Autism Keys 4: Trust

by | Autism, Parenting, Psychology

Building a bond with your child on the spectrum can help you and them in many ways. It has become apparent to me that many of them find it difficult to trust, and become suspicious easily. These children in particular, can be difficult to reach. They may be resistant to any sort of help you offer, and unlikely to seek you out to assist them. It doesn’t occur to most ASD children that other people are a resource to them. Therefore, it can be difficult for them to see why you are useful. Unlike other small children, they are less likely to take your word for something. This may be demonstrated by them actually checking if you’re right about something you told them. That can be a big problem if you’re telling them something is hot, or that the road is dangerous.

When you keep an ASD child away from danger, they don’t see this from your point of view. They only see you as the person who stopped them getting what they want. Unfortunately, this means they can view you as the cause of many of their problems. Being the primary carer for a child who expects the world to be a certain way is hard work, and often makes you the easy target for their anger. Blame is an all too typical issue with kids on the spectrum, and as your praise and cuddles might not be the source of comfort they are looking for, it makes a solid relationship difficult to establish and nourish.

As they don’t necessarily read emotions well, they won’t understand that you want the best for them, wish you did have fruit toast when they want it, or even wish it was daytime and shops were open when they want something you don’t have. Telling them or showing them why can really help them see you are not just refusing to do what they want.

Sharing your emotions with them and making yourself vulnerable, can show them how you really feel, how you are hurt, and that when you are tired you aren’t able to be as patient. Being open and honest, even upset, can help your child see you as less of an enemy, and can help them trust you to do your best for them.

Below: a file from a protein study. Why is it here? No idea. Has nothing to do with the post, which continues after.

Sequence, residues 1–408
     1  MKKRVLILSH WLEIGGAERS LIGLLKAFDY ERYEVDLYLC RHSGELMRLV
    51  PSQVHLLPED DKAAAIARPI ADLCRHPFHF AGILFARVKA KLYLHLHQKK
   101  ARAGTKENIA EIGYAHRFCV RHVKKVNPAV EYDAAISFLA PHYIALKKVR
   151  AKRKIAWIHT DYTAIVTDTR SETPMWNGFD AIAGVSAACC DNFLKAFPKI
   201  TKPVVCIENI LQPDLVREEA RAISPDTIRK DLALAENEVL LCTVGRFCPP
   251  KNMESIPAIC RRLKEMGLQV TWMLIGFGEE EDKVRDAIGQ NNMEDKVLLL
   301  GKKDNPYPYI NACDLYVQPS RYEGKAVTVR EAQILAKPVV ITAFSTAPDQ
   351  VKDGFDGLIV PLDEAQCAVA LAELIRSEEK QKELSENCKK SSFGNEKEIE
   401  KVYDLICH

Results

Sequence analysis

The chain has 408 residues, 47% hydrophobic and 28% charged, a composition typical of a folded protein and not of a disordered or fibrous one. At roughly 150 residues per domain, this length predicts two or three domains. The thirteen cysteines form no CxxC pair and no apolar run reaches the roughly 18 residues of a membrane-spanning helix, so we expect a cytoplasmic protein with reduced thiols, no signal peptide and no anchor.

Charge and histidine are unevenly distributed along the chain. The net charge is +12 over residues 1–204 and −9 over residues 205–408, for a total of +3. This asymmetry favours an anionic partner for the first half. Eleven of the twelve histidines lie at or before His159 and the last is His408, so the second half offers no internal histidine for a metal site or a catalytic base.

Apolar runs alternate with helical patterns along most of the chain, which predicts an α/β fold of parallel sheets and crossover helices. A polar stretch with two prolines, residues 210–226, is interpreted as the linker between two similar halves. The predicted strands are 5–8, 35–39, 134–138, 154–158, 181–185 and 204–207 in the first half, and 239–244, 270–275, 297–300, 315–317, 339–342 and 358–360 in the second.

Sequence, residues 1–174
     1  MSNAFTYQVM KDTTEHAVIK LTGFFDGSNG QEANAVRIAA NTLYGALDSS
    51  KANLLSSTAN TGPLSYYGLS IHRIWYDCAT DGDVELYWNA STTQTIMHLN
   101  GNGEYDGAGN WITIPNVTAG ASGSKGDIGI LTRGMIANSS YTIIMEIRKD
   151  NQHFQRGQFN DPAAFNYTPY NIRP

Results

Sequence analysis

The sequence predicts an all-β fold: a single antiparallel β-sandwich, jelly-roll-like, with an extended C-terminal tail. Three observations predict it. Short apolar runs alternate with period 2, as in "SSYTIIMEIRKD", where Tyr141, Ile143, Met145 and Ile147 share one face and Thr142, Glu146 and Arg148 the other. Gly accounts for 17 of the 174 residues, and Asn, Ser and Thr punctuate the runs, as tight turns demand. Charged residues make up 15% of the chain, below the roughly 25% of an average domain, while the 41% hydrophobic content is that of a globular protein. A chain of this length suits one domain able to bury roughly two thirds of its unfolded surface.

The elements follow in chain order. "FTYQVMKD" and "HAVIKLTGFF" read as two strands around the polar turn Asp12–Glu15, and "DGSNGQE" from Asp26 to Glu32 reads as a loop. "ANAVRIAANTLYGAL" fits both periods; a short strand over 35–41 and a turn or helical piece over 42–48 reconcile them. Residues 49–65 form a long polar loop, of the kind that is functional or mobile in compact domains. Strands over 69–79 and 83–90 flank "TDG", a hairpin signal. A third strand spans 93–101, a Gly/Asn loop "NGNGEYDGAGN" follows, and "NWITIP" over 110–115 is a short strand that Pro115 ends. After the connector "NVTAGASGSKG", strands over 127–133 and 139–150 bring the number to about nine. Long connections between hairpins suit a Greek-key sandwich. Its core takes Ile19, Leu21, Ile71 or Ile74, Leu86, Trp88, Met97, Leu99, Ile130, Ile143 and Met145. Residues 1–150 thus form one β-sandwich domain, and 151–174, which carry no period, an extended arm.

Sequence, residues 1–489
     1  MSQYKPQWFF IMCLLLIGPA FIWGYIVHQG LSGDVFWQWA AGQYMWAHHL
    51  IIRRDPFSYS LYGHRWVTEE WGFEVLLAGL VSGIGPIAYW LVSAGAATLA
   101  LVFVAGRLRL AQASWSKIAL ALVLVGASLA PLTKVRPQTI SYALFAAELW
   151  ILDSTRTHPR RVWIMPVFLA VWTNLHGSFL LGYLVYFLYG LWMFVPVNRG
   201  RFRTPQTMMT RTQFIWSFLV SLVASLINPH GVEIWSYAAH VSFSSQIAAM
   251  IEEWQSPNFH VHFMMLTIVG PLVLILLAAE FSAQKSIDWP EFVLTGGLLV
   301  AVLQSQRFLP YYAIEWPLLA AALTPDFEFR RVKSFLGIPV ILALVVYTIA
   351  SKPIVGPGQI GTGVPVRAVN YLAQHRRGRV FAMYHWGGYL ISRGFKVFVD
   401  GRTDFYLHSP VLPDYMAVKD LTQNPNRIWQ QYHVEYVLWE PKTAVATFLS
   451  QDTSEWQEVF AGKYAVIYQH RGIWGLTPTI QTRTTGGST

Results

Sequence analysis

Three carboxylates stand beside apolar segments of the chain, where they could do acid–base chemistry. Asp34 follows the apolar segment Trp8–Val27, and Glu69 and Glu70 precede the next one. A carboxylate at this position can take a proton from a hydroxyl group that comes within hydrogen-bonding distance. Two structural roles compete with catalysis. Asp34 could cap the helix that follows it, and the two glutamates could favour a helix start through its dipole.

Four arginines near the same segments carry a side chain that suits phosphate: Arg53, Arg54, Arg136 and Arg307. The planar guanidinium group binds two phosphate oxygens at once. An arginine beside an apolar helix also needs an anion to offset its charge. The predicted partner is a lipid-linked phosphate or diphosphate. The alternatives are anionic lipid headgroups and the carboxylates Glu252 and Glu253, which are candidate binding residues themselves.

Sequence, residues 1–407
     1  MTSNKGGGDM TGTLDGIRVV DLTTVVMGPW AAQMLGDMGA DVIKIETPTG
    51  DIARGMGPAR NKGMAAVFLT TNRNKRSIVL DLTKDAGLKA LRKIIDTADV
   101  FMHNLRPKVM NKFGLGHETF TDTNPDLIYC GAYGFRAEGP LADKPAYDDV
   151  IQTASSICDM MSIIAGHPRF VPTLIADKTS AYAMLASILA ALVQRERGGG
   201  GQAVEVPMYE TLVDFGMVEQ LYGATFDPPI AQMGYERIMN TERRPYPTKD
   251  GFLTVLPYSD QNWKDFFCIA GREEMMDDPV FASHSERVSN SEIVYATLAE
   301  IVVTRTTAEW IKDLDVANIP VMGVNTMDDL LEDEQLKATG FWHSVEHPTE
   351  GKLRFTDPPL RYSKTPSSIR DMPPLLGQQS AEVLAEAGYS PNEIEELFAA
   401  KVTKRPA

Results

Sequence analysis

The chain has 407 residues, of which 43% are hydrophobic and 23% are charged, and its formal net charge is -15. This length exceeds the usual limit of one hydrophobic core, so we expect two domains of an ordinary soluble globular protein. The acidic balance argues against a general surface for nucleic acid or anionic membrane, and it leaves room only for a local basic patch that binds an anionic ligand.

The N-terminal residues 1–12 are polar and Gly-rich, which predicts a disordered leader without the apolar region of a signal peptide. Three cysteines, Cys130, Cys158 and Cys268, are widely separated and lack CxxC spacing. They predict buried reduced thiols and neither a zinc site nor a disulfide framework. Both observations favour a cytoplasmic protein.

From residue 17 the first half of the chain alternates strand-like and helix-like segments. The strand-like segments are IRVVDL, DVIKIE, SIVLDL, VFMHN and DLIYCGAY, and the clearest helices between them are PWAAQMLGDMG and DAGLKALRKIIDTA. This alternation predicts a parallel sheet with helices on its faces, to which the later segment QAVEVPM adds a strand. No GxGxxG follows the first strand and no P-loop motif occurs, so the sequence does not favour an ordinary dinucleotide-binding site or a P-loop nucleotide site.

Trying to move into their world as much as possible, to see their point of view, and to give them what they need can help you. Playing games they love, giving them physical items which calm them, and having conversations that come from the point of view that their welfare is behind why you do things are all things that can help enhance your relationship with them.

One of the most powerful moments for me and Taz when he was an infant was one day when I cried and told him outright “I don’t know how to help you. I want to help you and I can’t because I don’t know how”. He actually stopped crying and physically fighting me for a moment. He even seemed surprised by what I was saying.

Once you have a relationship, they have trust, incentive to learn from you, and are more receptive to learning about how to talk to other people. A good relationship between parent and child can help make their life much calmer, plus trust can help them explore new things, places and experiences.

Have you ever felt like your child sees you as their enemy?
How do you work to enhance your relationship?




The 7 Autism Keys Program is coming soon!

Through Coloured Shattered Glass is very excited to announce that a new online support program for parents of children on the autism spectrum will be launched early in 2018.

If you would like to be one of the first to find out all the details, please register your interest here.


If you would like to discuss the ideas in this post further, tell your story, or share your experiences, please join us on our Facebook page.
Please be respectful of others at all times. We are all on different journeys.

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